Why Brentford FC's new scholar is proud to follow in uncle's footsteps

Generations: Young Chris with his dad, Jim

Generations: Young Chris with his dad, Jim

First published in Local News by

NEW Brentford Football Club scholar Chris Mepham will feel a particular pride in pulling on the famous striped jersey.

Nearly four years ago, his uncle, Roy Mepham, once a Brentford junior, died after being diagnosed with Motor Neurone Disease, aged 61.

He had continued to play football up until five years before his diagnosis.

Now, 16-year-old Chris Mepham has signed a two -year scholarship with the Bees. He signed with the Chelsea Academy when he was 10 and was with them for four years.

At Brentford, his next aim is to go professional and one day represent England.

The Motor Neurone Disease Association has been running a national campaign, called Football V MND, fronted by former Altrincham footballer, Mark Maddox, who was diagnosed with MND in his late 30s, In March. Brentford ran the campaign poster in their match programme.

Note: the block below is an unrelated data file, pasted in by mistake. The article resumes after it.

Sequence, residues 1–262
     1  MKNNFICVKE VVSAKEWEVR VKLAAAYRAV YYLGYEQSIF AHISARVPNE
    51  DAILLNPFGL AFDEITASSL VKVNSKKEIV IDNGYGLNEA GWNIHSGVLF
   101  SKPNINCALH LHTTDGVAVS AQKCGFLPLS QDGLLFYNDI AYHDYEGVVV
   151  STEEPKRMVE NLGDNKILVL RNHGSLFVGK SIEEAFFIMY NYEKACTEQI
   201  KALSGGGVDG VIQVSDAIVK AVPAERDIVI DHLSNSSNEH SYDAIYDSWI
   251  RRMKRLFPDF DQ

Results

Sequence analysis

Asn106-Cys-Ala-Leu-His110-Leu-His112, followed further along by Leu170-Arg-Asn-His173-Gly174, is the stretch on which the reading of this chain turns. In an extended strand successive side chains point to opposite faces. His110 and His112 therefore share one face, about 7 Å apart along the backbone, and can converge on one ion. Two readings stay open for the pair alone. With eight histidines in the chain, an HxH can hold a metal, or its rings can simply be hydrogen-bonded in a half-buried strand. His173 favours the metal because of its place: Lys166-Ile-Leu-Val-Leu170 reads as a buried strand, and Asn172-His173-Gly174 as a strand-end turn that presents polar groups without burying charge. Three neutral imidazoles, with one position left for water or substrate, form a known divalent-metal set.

MND can strike anyone at any time. It is progressive and terminal, attacking the nervous system and stopping messages from reaching the muscles.

This means that people with MND can lose the ability to walk, move their arms, talk and eventually breathe. Half will die within 14 months of being diagnosed. There is no cure.

Chris’ dad, brother and uncle were all inspirations for him to keep practising and training hard.

When he was accepted by Brentford, following in his Uncle Roy’s footsteps, it was a proud moment for Chris and his family.

Chris said: “It’s probably changed a lot from when Roy was playing, but we’re in roughly the same age group at the same club. Roy was a winger, a very quick winger and I’m a defender.”

This June sees the World Cup and MND Awareness Month coincide. If Football V MND is to make an impact, now is the time.

Money is needed for training healthcare professionals, adapting houses and vital communication equipment.

This demand is often too much for health and social services, and that is where the West London and Middlesex branch comes in.

Chris said: “Before Roy got diagnosed with MND, I wasn’t really aware of what it was. But, I was on the Central Line the other day and saw a big MND poster. My dad pointed it out straight away.

“People don’t really know what it is, which makes you think that maybe there isn’t enough out there for raising awareness for it.

“Football is the biggest sport in the country. If MND and football were linked, there would be a lot of people that might start understanding what it is and see it differently.”

Chris starts with Brentford youth team on Monday.

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